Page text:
Tuesday, February 28, 2017

Frederick Douglass and Religion.

A week ago, we sang the Frederick Douglass song I wrote. The video will be available soon. And just when I thought I was done...

I performed a speech of Frederick Douglass' in church this past Sunday. I hadn't planned it. It was the speech about slavery and religion -- and how the religious leaders of the time -- so blithely accepted discrimination with a Biblical defense. And I spent the whole week memorizing it.

Christian leaders were on the forefront of maintaining this cruelty. But... many were not.

He used Christianity as one of his main sources for arguing, logically, for the end of slavery. He also knew the Constitution and used it in his arguments. He was a devout Christian.

So why bring up slavery and religion? Aren't we nicely over it? I can tell you why. It's in the DNA of our country and our faith. Until I read Douglass, slavery wasn't real to me. Yes, I had seen images of floggings, etc. I understood the human physical suffering.

It's the mental anguish that is the true torturer. A whipping ends. The mind endures. The shame, humiliation, degradation. When you read the words in the mind of an ex-slave, you may not have been through his experience, but you will know those feelings, if you are a creature with any kind of compassion.

We have all felt those things. Now, imagine them going on all day, every day. Never could I have told my family, back when I was in the closet, what was going through my head. They probably just thought I was weird or selfish (which I am, too, but that's not today's topic).

I felt from another world entirely, but I was dancing in this one. Desperately trying not to get found out. It was the 60s and 70s. Though much had changed, acceptance and understanding for those "of my kind" simply didn't exist in the bubble of east Texas.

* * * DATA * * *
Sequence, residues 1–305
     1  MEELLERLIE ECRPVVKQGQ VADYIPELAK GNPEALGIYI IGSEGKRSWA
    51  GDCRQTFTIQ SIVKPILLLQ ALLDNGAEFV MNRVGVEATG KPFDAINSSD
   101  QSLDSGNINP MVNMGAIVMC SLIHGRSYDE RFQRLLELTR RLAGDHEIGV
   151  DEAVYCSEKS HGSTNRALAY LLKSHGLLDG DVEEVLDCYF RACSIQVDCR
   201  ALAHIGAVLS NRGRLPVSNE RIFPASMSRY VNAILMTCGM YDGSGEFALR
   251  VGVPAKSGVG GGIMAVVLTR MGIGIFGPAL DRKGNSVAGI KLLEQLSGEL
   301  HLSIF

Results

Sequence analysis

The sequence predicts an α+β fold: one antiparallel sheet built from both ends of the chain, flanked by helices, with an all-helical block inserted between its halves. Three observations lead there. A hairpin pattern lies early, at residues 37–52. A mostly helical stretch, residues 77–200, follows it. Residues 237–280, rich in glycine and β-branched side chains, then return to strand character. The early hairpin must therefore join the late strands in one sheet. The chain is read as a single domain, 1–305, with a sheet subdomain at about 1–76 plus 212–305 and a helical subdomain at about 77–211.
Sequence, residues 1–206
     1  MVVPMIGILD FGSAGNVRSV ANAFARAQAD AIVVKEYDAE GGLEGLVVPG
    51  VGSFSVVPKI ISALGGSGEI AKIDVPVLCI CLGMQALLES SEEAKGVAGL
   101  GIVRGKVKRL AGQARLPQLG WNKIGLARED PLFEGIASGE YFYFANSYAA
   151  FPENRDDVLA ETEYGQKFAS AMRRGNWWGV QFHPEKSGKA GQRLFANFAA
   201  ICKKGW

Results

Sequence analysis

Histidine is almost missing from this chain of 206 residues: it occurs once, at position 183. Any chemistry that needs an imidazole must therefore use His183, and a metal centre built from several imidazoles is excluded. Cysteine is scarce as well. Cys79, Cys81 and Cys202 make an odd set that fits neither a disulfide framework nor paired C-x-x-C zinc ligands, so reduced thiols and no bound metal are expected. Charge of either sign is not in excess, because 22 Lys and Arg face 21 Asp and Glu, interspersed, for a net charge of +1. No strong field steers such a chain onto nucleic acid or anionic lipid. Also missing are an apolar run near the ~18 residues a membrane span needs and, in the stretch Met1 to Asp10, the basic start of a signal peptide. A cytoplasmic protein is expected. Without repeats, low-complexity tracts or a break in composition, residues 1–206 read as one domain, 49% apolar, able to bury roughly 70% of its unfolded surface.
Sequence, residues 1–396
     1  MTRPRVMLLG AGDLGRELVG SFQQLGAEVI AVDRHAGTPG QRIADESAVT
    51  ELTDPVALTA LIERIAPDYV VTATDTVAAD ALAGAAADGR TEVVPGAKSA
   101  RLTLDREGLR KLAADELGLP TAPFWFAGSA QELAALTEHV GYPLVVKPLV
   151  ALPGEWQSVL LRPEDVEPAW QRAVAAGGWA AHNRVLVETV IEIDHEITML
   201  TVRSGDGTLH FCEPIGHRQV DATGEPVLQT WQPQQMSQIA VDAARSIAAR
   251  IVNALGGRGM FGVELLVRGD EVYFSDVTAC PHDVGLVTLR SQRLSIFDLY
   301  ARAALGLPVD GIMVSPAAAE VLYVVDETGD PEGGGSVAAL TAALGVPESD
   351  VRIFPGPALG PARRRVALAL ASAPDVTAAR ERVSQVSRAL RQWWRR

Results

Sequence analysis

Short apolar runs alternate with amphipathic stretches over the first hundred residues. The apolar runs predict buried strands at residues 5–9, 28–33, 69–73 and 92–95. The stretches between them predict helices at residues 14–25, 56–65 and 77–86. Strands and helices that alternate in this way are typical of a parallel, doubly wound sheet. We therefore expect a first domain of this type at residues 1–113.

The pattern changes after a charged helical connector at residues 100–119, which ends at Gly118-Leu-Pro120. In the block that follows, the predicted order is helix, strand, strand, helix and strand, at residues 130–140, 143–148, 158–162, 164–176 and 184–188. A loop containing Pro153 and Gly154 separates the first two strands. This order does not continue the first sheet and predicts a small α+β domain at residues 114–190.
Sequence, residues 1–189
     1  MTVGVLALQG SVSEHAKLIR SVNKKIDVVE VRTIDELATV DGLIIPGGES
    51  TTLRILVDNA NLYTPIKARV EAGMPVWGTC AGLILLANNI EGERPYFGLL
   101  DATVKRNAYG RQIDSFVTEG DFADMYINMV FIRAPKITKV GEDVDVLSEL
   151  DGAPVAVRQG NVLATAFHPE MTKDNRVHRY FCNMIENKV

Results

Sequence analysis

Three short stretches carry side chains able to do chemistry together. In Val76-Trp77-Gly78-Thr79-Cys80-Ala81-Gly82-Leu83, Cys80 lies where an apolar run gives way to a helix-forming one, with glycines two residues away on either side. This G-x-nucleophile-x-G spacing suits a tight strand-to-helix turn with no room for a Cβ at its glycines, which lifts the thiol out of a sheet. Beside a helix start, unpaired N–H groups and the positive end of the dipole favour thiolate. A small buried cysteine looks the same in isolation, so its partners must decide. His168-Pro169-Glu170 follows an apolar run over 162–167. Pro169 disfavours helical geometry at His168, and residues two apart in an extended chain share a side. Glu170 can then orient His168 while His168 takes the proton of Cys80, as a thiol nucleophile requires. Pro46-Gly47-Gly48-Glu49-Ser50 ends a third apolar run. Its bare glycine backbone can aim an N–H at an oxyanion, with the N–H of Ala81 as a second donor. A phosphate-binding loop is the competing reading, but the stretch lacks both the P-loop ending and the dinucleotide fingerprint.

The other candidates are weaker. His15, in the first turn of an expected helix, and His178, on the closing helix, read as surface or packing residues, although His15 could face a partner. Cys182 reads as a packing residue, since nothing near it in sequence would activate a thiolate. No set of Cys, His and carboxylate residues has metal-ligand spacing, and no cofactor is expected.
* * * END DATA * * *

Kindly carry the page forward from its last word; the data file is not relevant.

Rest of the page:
Not blaming anyone. Not shaming anyone. None of you (back then) could have known. I was a very good liar because I used religion to enforce the lie. It's a type of self-help thing attached to the idea of miracles. If you live the "miracle" "as if" it were true, then it would become true. So, it wasn't a lie if I "stepped out on faith." I just pretended.

It's not the same thing as slavery. It's not the same thing as racial prejudice.

So when I get into the mind of a brilliant thinker who began as a slave, I get as close as I can get. Only a fool, I would tell myself, would turn away from this kind of insight, wisdom and knowledge.

What makes the Douglass journey so rewarding is that he handled it all with genuine wit. He could laugh at it while slicing it into ribbons. He could triumph because he had the mind to triumph.

He was free because he never accepted himself as anything but a full human being. A free mind can do anything. Once I let the chains of whatever is holding me back in my head loose; once they are cleared out, then suddenly there is clarity.

Just being inside his mind has changed me. And it's going to go on changing me because, as is written on a site dedicated to him "Every Month is Black History Month." And even more piercing, every month is also white history month. We are all the products of history.

So, I thank 45 for bringing him back to me. And for those of you who read this far, thanks for letting me occupy your mindspace with my thoughts.
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New article in Arts & Understanding (with amazing photos)

http://aumag.org/2017/05/10/steve-schalchlin-advocate/